Best Float Trips in the Ozarks

Explore 10 scenic float trips that can only be enjoyed in the Ozarks. Find tips for floating the Big Piney River, Jack's Fork, Current River, James River, Niangua and the North Fork in Missouri and the Kings River in Arkansas among others.

By Vivian Wheeler

May 2019

Canoe or float down Big Piney River in Missouri
Photo by Josh BeecherEscape to the peaceful serenity of the Big Piney River.

One of the best parts of living in the Ozarks is the abundance of rivers that crisscross our region. All across our little corner of the world, hundreds of miles of river flow through Missouri and Arkansas that are just waiting to be enjoyed. In order to help you get out on the river, we did the hard work for you and planned 10 incredible float trips for you to experience this summer. Whether you’re a paddling novice or have been canoeing for years, there’s something for everyone on this list. The only challenge will be finding enough time to float them all.

For Those New to Floating

Get your feet wet with these resources for floating newbies.

Learning the Ropes

If you’re looking to learn the basics of floating, check out the Ozark Mountain Paddlers. This nonprofit holds a number of recreational canoe and kayak clinics throughout the summer. For details, visit their website.

Practice Makes Perfect

If you want to practice before heading out on the river, rent a canoe or kayak from the Lake Springfield Park and Boathouse. Lake Springfield is a calm, relaxed environment where you can develop your river legs.

Get the Gear

Wanting to purchase your own gear? Both Bass Pro Shops and Ozark Adventures carry anything you might need to get river-ready.

Try Something New

We’ve rounded up float trip options that offer a little something different.

Float After Dark

The Outdoor Initiatives branch of the Springfield–Greene County Park Board offers two overnight floats each year. Enjoy a guided float and experience the outdoors in a whole new (lack of) light. These trips typically happen in June and August. Details are at parkboard.org.

Two-Day Overnight Float

Depending on rainfall you might have missed it this year, but one of the coolest, most scenic stretches of any river in Missouri and Arkansas is only floatable in early spring. The upper section of the Jack’s Fork River is said to have more beautiful bluffs than even the Buffalo River. See what the fuss is about on a two-day float running from Buck Hollow Access to Bay Creek. This trip is not recommended for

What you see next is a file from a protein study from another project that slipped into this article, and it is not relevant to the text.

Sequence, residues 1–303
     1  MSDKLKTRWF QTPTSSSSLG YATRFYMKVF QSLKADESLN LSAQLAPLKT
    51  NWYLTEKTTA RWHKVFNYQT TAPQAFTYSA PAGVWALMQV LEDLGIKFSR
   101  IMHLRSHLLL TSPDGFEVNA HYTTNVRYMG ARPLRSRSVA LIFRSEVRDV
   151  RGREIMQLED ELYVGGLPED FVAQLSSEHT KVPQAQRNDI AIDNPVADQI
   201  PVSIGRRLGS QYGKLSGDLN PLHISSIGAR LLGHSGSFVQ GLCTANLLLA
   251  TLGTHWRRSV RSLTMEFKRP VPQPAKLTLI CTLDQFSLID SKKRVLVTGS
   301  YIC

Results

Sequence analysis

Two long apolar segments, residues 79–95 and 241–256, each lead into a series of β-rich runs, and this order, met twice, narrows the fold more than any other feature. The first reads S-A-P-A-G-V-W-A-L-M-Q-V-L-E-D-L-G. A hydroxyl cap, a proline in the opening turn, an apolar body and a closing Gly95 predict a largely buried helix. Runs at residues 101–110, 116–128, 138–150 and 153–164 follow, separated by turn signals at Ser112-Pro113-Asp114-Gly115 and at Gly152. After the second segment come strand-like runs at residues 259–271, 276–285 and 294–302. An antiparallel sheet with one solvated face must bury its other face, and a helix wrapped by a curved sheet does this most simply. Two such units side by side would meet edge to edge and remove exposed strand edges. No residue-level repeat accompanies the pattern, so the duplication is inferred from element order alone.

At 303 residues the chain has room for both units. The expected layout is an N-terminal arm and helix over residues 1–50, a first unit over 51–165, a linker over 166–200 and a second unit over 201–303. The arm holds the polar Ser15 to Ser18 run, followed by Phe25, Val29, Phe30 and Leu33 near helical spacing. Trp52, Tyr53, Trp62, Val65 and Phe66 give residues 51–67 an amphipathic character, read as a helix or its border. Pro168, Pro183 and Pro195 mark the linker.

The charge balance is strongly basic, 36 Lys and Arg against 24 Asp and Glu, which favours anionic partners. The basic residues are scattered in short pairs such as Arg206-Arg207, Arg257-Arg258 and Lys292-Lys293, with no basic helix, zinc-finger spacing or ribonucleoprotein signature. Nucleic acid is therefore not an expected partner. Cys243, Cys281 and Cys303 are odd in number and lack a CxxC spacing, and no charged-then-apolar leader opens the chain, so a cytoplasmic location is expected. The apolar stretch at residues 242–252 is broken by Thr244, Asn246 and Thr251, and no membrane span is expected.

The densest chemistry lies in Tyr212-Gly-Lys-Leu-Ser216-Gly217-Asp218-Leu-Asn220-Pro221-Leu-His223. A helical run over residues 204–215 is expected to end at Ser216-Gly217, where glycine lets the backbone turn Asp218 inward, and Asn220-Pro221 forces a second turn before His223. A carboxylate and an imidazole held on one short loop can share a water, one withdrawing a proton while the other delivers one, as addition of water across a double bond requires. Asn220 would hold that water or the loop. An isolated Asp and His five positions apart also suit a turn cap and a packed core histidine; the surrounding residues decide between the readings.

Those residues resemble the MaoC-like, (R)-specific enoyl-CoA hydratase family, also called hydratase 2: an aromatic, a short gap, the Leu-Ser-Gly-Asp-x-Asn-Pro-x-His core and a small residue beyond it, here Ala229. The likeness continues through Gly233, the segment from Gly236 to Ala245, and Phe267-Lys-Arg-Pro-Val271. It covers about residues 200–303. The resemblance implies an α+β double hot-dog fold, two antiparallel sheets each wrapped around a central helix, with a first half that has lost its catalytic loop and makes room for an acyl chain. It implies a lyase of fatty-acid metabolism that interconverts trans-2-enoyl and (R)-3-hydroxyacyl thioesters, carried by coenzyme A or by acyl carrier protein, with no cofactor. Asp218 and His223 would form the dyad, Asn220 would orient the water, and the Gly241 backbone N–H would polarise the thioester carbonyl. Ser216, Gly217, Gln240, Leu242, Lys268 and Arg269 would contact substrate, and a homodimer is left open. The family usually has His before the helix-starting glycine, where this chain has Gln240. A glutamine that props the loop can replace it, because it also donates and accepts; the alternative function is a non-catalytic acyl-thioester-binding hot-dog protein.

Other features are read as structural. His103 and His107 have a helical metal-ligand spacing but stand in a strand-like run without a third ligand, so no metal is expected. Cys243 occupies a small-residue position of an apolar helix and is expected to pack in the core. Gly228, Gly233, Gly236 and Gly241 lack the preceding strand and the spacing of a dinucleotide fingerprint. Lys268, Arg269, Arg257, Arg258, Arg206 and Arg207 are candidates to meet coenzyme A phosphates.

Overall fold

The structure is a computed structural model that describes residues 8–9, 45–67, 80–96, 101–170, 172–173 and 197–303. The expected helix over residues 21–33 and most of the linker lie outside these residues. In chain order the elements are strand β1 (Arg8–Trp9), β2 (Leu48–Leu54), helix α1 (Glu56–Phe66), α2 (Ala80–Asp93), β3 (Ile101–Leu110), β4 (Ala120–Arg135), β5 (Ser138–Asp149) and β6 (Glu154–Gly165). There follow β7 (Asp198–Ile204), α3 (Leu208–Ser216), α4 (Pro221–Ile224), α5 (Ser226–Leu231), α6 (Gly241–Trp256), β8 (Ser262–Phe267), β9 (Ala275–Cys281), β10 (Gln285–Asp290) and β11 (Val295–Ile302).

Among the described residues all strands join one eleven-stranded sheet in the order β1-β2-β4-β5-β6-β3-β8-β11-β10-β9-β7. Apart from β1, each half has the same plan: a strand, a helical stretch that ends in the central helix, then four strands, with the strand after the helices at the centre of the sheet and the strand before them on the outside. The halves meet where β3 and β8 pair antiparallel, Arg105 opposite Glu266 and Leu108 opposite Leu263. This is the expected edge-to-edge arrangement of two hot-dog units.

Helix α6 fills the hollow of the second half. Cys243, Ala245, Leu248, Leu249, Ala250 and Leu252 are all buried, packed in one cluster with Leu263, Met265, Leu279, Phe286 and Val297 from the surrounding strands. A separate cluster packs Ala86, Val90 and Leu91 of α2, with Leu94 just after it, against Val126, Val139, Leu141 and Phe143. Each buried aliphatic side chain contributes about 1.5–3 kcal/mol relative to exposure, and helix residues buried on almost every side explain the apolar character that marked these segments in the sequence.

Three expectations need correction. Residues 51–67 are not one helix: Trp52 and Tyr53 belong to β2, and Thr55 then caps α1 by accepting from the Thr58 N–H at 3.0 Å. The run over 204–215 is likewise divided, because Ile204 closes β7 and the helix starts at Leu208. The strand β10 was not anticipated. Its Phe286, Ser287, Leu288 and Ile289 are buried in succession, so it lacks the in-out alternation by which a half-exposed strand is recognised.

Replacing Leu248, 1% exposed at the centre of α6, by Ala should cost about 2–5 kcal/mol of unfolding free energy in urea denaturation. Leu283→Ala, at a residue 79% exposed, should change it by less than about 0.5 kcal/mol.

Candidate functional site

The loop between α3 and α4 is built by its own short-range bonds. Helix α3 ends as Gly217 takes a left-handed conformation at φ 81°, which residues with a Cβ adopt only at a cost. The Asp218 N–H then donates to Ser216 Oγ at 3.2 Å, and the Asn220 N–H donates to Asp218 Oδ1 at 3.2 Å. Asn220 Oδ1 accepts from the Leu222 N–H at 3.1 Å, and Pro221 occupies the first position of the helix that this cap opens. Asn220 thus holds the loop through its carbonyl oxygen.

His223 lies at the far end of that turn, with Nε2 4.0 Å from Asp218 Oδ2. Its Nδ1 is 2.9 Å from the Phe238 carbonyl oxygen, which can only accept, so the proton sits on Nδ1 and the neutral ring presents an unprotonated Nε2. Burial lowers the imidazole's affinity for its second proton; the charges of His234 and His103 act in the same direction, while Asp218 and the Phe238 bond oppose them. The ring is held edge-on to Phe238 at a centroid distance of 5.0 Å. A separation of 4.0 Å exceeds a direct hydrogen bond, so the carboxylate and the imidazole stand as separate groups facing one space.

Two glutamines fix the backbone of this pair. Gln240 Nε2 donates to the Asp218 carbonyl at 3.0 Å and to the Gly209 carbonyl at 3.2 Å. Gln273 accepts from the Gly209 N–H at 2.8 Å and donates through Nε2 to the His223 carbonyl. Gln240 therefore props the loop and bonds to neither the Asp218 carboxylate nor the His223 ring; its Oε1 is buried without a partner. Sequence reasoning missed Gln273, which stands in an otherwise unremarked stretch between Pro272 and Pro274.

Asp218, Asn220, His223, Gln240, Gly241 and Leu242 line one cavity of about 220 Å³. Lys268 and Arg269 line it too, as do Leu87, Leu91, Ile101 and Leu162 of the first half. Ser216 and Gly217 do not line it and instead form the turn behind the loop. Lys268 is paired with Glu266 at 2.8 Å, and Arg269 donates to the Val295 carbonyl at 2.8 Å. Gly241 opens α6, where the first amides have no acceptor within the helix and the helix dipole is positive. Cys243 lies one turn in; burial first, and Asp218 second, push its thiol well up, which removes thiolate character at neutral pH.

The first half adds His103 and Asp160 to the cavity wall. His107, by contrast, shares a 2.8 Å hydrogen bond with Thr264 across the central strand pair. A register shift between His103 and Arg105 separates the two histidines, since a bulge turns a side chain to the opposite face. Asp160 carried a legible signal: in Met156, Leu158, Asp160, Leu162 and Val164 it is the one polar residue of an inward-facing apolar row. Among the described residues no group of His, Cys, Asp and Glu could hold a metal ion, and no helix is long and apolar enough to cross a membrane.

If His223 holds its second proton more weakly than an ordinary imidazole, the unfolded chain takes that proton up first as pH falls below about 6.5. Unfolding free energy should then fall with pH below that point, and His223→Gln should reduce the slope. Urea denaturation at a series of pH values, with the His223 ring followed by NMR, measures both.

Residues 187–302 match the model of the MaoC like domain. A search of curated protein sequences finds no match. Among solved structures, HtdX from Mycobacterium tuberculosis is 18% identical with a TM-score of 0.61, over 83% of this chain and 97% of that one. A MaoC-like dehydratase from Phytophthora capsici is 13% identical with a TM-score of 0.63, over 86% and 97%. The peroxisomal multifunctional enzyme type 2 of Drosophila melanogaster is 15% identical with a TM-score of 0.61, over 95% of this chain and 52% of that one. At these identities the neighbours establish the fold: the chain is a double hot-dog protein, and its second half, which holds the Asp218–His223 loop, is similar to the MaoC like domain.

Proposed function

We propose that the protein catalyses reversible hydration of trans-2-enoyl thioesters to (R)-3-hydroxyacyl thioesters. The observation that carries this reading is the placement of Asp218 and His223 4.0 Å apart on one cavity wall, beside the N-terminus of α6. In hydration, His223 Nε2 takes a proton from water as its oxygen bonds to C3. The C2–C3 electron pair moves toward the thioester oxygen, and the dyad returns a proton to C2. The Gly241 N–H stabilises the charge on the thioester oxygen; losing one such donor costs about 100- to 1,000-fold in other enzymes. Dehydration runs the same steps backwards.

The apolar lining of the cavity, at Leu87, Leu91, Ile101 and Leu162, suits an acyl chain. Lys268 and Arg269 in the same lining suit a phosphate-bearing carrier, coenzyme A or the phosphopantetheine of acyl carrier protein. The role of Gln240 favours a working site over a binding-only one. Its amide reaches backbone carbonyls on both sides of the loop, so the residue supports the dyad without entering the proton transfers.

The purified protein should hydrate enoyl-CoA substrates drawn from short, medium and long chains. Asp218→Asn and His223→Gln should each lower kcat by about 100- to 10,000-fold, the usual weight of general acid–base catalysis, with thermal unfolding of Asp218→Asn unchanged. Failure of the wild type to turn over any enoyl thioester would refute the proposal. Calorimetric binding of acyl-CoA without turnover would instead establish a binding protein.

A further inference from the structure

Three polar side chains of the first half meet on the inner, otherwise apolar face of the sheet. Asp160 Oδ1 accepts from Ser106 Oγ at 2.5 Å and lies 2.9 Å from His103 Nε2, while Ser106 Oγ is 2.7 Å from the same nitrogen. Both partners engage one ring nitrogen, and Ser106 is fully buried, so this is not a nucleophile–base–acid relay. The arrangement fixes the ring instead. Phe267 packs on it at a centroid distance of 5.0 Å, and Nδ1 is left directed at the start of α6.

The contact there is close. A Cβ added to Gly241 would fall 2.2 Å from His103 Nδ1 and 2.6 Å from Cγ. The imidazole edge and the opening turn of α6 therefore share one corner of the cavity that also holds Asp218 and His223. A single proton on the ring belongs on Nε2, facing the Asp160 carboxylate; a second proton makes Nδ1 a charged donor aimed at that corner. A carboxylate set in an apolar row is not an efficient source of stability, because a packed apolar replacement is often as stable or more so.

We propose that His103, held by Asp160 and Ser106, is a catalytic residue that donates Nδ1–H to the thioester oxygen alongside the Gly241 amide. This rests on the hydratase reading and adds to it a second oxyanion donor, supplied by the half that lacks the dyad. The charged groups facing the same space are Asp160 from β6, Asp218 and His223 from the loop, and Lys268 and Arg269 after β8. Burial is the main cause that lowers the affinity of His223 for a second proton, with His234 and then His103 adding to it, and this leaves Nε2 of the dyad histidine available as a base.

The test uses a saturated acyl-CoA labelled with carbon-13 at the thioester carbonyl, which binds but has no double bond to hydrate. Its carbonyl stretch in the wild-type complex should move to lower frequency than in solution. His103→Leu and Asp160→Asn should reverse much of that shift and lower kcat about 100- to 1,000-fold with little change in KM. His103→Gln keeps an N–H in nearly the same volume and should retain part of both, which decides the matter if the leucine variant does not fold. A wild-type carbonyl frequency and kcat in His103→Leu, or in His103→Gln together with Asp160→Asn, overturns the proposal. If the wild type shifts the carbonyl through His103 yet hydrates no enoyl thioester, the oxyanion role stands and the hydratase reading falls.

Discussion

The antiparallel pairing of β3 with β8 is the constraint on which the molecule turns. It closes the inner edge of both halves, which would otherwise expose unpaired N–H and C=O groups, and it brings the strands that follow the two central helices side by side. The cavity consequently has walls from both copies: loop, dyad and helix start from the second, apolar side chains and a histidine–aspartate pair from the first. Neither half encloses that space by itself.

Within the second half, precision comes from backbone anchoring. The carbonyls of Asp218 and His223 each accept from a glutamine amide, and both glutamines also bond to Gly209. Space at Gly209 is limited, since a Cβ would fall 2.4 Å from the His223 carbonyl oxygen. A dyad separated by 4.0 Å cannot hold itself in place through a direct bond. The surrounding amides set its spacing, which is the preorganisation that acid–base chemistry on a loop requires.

inexperienced floaters.

Paddle and Sip

Throughout the months of May and June, 37 North Expeditions offers several trips that pair floating with a brewery or distillery tour.

Floating Do's and Don'ts

What you need to know before you start to float down river.

Always check the water level. If the water is too high, floating can be dangerous. If it’s too low, you might not be able to float. Due to rain, rivers can vary wildly day-to-day.

Wear sunscreen. Missouri summers can be brutal, and you don’t want to be stuck on a multi-hour float without proper protection from the sun.
Littering is illegal. Secure your trash in a trash bag that is tied to your canoe in case you tip over. You don’t want to spill your garbage all over the river. 

Glass bottles are illegal on all rivers. It’s illegal to have them in your boat or on a gravel bar. If you’re caught with glass bottles, you could face a hefty fine for each bottle in your possession.

Wear water shoes for wading. Need we say more?
If you do tip, move to the upstream side of your canoe to avoid being trapped between your boat and an obstacle. 

Reserve your boat ahead of time. On popular weekends, outfitters can book up. Pay attention to the reservation policy. Some outfitters require advance cancellation to get your deposit back.

More Ways to Get Out on the Water